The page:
Amid the talk of ammunition magazines and background checks, the New York Times susses out a perhaps less obvious element of the gun-control battle: domestic abusers and firearms. As it explains, only a smattering of states require that those with protection orders against them give up their guns. It shares the situation of a Spokane, Washington, woman, who was able to obtain an order that barred her ex-husband from coming within two blocks of her. But it didn't require that he relinquish his guns, and 12 hours after it was handed down he confronted her at her home with a small semiautomatic rifle; she was able to secretly dial 911 on her cell and was aided by police.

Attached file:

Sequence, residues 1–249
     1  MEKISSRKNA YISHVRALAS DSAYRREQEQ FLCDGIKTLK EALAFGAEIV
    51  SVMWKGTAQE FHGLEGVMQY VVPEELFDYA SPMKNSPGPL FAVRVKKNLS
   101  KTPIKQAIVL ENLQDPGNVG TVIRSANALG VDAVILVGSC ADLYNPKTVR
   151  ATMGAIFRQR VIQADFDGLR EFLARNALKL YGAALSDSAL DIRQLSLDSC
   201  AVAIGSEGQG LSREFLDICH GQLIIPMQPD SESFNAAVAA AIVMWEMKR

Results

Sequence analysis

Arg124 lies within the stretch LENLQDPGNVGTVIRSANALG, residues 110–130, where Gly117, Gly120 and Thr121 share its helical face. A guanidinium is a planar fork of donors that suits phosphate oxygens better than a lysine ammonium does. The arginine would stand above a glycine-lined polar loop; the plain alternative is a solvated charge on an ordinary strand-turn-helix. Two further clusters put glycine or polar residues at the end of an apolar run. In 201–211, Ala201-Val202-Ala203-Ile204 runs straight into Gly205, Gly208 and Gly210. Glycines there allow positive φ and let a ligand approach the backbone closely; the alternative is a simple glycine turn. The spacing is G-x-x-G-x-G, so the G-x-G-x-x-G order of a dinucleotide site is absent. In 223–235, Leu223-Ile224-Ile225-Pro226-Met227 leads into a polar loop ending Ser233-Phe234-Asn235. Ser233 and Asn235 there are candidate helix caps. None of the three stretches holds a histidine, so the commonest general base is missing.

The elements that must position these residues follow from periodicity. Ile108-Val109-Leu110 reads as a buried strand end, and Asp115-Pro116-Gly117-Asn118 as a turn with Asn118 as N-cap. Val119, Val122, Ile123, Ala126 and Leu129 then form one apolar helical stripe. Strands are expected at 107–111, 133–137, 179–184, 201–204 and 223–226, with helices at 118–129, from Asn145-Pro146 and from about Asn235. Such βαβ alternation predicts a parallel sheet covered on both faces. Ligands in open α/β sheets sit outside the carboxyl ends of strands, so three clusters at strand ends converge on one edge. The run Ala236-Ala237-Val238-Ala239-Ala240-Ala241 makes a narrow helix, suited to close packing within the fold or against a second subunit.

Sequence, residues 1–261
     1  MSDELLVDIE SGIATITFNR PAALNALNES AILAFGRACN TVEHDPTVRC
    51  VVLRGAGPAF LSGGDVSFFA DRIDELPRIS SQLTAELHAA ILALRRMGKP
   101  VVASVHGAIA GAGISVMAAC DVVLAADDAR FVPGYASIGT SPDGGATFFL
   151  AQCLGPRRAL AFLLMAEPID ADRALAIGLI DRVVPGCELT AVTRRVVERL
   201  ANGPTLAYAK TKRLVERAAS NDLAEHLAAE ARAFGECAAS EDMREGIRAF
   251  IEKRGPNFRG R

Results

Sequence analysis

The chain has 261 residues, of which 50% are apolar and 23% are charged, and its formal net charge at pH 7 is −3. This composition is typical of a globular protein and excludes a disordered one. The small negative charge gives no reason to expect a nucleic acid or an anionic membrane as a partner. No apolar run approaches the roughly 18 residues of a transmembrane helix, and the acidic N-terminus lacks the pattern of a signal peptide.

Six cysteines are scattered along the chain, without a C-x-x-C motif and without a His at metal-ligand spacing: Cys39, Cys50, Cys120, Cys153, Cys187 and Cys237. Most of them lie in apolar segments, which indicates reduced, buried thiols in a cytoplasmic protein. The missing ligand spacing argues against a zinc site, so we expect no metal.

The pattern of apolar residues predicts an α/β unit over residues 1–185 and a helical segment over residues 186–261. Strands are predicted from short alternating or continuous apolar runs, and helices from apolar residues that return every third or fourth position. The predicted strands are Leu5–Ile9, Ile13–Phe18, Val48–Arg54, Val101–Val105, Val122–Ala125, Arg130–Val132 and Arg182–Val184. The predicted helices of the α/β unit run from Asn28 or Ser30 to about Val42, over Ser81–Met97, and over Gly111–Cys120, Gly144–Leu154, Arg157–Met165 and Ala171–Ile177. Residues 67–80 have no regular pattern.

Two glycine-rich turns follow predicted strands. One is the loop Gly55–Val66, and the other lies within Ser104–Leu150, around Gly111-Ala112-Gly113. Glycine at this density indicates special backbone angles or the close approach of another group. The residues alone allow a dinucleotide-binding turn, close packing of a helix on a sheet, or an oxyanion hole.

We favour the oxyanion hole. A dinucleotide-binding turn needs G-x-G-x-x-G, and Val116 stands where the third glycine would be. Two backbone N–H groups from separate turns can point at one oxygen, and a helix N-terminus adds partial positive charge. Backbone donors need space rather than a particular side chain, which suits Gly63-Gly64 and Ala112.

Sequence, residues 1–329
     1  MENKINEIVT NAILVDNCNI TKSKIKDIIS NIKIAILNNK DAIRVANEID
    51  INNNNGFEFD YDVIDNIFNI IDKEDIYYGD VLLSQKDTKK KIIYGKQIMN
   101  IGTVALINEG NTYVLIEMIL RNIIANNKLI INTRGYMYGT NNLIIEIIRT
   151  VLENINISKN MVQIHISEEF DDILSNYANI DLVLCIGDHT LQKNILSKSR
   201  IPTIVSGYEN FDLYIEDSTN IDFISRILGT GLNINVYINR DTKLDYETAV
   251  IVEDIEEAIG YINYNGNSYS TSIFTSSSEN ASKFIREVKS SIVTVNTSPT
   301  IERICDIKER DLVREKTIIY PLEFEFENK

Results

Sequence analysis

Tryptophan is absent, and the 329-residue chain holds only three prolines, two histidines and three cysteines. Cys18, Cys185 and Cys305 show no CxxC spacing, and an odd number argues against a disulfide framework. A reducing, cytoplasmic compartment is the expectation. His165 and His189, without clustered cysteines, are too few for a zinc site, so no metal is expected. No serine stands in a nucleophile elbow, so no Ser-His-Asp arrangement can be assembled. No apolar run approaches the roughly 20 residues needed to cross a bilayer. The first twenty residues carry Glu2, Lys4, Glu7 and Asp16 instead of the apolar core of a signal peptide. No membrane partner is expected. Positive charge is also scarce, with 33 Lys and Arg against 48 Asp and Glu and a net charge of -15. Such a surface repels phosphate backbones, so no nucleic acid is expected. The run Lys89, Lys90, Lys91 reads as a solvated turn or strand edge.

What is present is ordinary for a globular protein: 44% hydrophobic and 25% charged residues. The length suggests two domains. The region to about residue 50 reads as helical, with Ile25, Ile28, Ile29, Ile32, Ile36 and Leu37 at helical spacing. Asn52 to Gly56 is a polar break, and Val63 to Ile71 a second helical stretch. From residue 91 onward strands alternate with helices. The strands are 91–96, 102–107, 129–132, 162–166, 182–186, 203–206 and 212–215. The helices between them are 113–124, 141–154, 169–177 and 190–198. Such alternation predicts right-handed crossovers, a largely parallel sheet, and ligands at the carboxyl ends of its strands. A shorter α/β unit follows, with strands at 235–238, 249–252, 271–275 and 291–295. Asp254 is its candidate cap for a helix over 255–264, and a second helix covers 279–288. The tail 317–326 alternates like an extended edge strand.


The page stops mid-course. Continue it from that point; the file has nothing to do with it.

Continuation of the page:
On one side of this battle stand activists for the victims, who argue that a woman's right to her life is superseded by the right to bear arms; the NRA and other gun-rights proponents believe only a felony conviction should be grounds for losing gun ownership rights. The "mere issuance of court orders," isn't reason enough, asserts an NRA lobbyist. The Times' analysis of Washington state records returned "scores" of crimes involving a gun and committed by someone recently issued a protection order, and five cases where women were shot to death within of month of their order. Writes the Times, "In fairness, it was not always clear that such an order would have prevented the deaths. Even so, those cases can show the existing system's weakness in the face of obvious peril." Click to read the Times' lengthy piece.